Please ensure Javascript is enabled for purposes of website accessibility

5 items your moving company won't move

By Eoin D on 10/04/2021

What your moving company won’t move is not exactly how you want to start a conversation at Liffey Moving.

However, there are just some items your moving company won’t move or simply cannot move. Being informed of what can and cannot be moved will save you time and energy.

There is very little that we will not move in New York City, but there are some things we cannot move due to legal regulation.

Before we delve into what items your moving company won’t move, let’s look at why you should hire us.

Why you should use a moving company in New York City

Contracting Liffey Moving offers a host of benefits, including secure transportation, reliability, and speedy relocation.

We offer storage solutions, packing tips on our blog and decades of experience moving in New York City.

We have become accustomed to moving companies that manage everything from furniture, fittings, and heavy machinery, just like we do.

But now let’s look at what items your moving company won’t move for you in New York City.

5 items your moving company won’t move

  • Hazardous materials

This covers the entire range of items your moving company won't move that could be potentially harmful due to their chemical composition.

Movers are not allowed to move anything corrosive. These items include paint, cleaning fluids, corrosive dyes, and even nail polish. Any items labelled as ‘hazardous' in any way are prohibited in the moving truck.

We ask you not to pack any of these items and to inform our team of any potential issues.

  • Perishable foods

You may be tempted to carry leftovers from breakfast on the day you move, or better yet, your fridge’s contents. This is a no-no.

In addition to the risk of contamination, movers don’t want to bear the responsibility of perishable foods going bad in transit.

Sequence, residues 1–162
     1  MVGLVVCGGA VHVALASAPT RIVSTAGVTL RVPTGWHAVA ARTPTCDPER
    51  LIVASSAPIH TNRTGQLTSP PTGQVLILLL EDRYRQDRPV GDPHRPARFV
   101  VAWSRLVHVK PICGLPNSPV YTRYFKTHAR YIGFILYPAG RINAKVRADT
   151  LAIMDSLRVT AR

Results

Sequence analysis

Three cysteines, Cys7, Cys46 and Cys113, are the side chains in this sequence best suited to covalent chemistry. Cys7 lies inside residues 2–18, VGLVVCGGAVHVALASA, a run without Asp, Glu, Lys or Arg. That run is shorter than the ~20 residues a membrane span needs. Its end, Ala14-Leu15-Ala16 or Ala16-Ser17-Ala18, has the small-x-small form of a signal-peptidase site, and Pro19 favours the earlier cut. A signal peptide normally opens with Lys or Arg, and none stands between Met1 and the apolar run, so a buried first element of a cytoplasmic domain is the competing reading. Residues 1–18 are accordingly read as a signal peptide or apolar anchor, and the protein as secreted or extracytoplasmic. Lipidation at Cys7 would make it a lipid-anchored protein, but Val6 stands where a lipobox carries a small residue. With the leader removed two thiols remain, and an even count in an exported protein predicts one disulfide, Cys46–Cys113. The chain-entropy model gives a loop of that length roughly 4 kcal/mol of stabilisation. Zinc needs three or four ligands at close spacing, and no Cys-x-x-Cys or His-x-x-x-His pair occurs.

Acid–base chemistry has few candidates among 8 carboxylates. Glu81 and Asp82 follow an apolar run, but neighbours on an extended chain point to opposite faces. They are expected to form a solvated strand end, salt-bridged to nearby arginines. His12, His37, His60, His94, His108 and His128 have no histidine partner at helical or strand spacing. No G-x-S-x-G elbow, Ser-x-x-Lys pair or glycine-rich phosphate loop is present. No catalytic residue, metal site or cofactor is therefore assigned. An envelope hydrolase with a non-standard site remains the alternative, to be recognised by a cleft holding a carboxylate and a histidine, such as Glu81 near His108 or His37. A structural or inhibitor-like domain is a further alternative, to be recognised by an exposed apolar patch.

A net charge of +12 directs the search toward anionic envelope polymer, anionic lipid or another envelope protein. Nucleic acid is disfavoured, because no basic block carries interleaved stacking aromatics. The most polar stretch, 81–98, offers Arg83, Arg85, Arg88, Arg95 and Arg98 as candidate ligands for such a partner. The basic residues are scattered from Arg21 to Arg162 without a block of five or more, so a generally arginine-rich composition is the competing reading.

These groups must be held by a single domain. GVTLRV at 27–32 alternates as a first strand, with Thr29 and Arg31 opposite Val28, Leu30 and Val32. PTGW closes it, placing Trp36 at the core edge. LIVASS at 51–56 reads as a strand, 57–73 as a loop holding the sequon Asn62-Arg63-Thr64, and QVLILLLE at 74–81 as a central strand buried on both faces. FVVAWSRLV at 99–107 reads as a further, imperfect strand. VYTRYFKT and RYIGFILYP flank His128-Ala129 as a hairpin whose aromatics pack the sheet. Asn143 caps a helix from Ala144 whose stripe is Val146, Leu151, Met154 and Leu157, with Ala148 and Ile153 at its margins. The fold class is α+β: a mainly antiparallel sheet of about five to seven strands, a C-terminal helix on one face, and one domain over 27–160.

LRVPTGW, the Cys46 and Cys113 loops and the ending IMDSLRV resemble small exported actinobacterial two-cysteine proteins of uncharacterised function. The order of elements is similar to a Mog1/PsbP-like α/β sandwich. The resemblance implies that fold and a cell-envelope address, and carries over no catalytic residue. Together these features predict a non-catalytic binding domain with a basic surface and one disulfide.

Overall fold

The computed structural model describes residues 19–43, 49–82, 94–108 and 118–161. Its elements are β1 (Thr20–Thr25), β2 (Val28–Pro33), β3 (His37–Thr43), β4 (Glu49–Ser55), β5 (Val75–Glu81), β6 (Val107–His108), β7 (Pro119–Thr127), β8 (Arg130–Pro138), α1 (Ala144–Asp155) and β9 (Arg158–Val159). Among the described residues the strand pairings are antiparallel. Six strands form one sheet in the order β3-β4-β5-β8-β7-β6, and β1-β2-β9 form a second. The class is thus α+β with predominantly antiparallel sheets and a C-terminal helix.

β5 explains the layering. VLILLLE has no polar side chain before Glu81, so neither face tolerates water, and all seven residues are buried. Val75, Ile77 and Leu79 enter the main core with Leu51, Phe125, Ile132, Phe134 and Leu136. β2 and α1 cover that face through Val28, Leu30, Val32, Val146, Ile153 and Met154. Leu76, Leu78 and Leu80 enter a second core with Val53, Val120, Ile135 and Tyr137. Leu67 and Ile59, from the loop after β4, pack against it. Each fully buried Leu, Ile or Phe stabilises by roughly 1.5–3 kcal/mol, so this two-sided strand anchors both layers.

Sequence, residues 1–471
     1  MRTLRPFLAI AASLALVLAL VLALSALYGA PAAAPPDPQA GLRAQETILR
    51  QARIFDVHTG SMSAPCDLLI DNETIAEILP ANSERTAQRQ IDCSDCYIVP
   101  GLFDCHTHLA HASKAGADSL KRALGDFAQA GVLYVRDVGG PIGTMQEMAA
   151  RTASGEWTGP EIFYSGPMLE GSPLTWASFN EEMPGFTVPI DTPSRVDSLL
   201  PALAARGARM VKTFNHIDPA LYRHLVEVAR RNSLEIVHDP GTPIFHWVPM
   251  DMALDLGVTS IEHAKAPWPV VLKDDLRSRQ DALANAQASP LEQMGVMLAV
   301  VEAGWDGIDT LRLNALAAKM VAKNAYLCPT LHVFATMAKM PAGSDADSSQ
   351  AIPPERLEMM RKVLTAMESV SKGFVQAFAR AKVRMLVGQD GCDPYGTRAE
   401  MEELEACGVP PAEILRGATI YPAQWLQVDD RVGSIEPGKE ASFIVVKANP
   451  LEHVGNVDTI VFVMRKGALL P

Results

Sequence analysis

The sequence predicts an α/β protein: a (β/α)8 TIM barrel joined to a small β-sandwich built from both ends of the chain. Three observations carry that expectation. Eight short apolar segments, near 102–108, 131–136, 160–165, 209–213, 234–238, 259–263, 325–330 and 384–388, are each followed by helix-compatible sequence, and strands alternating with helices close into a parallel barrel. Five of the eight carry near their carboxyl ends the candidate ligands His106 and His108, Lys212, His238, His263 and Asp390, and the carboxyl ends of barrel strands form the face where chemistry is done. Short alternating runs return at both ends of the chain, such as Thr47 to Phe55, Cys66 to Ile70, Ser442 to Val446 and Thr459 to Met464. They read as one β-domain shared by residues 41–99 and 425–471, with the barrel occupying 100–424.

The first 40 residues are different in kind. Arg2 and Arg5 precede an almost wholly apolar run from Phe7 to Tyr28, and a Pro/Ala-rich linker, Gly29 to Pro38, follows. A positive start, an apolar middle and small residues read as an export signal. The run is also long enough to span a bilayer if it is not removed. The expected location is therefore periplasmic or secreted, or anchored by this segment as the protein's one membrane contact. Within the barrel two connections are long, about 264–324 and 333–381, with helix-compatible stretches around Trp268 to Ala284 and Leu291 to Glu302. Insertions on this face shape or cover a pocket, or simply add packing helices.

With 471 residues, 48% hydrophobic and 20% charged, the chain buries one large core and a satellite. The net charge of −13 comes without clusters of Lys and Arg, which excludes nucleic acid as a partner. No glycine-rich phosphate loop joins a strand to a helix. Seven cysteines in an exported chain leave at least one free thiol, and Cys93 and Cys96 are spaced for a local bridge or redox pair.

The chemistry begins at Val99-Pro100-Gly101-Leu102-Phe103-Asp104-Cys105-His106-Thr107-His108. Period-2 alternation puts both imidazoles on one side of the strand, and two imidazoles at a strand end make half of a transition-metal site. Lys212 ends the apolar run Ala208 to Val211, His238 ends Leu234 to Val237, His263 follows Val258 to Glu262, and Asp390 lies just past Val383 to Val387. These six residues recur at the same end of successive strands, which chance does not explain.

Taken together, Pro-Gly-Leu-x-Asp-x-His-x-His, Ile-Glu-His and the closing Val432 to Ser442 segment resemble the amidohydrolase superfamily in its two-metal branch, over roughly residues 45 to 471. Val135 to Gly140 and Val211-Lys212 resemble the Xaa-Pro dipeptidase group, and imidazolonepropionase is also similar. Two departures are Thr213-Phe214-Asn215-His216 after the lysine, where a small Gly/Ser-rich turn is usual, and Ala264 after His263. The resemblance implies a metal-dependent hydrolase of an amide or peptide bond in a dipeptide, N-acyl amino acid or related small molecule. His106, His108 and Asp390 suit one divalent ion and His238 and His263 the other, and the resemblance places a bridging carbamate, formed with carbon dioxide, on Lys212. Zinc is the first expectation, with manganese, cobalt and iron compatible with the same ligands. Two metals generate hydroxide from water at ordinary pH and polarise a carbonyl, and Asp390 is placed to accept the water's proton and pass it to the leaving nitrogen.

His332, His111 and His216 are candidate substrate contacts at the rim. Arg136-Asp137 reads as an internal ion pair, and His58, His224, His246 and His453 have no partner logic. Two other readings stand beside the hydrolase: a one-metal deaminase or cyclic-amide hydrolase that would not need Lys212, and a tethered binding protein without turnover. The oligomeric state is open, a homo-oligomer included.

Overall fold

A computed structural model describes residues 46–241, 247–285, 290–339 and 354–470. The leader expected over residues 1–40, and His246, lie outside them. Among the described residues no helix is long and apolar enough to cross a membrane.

Empty your refrigerator and dispose of the contents or throw a party before you pack up. You’ll save yourself a lot of trouble down the road.

If you feel like you will be hungry during the move have a look at our tips on simple meals for moving.

  • Explosives and flammables

This should be obvious as far as safety is concerned. Whether you’re an amateur shooter or you enjoy fireworks, nothing explosive or flammable can come aboard a moving truck.

Accidents can happen. Inform the team if you have weapons in the home.

Items your moving company won't move like lighter fluid, gasoline, and ammunition DO NOT play nice together; even the military has special units to transport these.

  • Valuables

Your moving company may not accept to manage your expensive jewellery, stock certificates, or family heirlooms of any kind. Rare stamp and coin collections, baseball cards, and paintings should be in your possession during relocation.

These items are worth a lot more than money, so damages or potential loss can be very costly.

It is also important to note that while many of these items can be insured, the insurance may not cover any form of loss or damage during transit.

Talk to the Liffey Moving team about our white glove services and what we can do for you. We aim to not be the moving company that won’t move every item, but some are simply too important for us to manage.

  • Special category items

There are some special items your moving company won't move. These are things that may require specialised techniques or personnel to move. These include but are not limited to movable homes, vintage pianos, and large machinery with many moving parts.

Contact us today

Hiring Liffey Moving will make moving a more bearable experience. A good moving company should move most of your stuff safely and with care. Knowing which items go on board and which don’t is the first step to a successful move.

The items your moving company won't move can be sorted quickly. Get in touch with us today.

Article written by Eoin D

Leave a Reply

Your email address will not be published.

Related Posts

We are fully operational throughout the COVID-19 pandemic. Read our COVID-19 Response here.